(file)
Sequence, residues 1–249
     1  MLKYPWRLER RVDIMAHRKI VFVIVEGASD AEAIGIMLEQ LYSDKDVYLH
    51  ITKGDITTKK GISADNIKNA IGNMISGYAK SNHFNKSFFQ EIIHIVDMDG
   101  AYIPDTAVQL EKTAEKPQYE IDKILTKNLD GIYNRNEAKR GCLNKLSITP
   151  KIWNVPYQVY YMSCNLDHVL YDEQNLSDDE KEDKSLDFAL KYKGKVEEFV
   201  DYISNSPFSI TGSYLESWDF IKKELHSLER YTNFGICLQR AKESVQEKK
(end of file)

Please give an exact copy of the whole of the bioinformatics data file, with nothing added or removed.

Sequence, residues 1–249
     1  MLKYPWRLER RVDIMAHRKI VFVIVEGASD AEAIGIMLEQ LYSDKDVYLH
    51  ITKGDITTKK GISADNIKNA IGNMISGYAK SNHFNKSFFQ EIIHIVDMDG
   101  AYIPDTAVQL EKTAEKPQYE IDKILTKNLD GIYNRNEAKR GCLNKLSITP
   151  KIWNVPYQVY YMSCNLDHVL YDEQNLSDDE KEDKSLDFAL KYKGKVEEFV
   201  DYISNSPFSI TGSYLESWDF IKKELHSLER YTNFGICLQR AKESVQEKK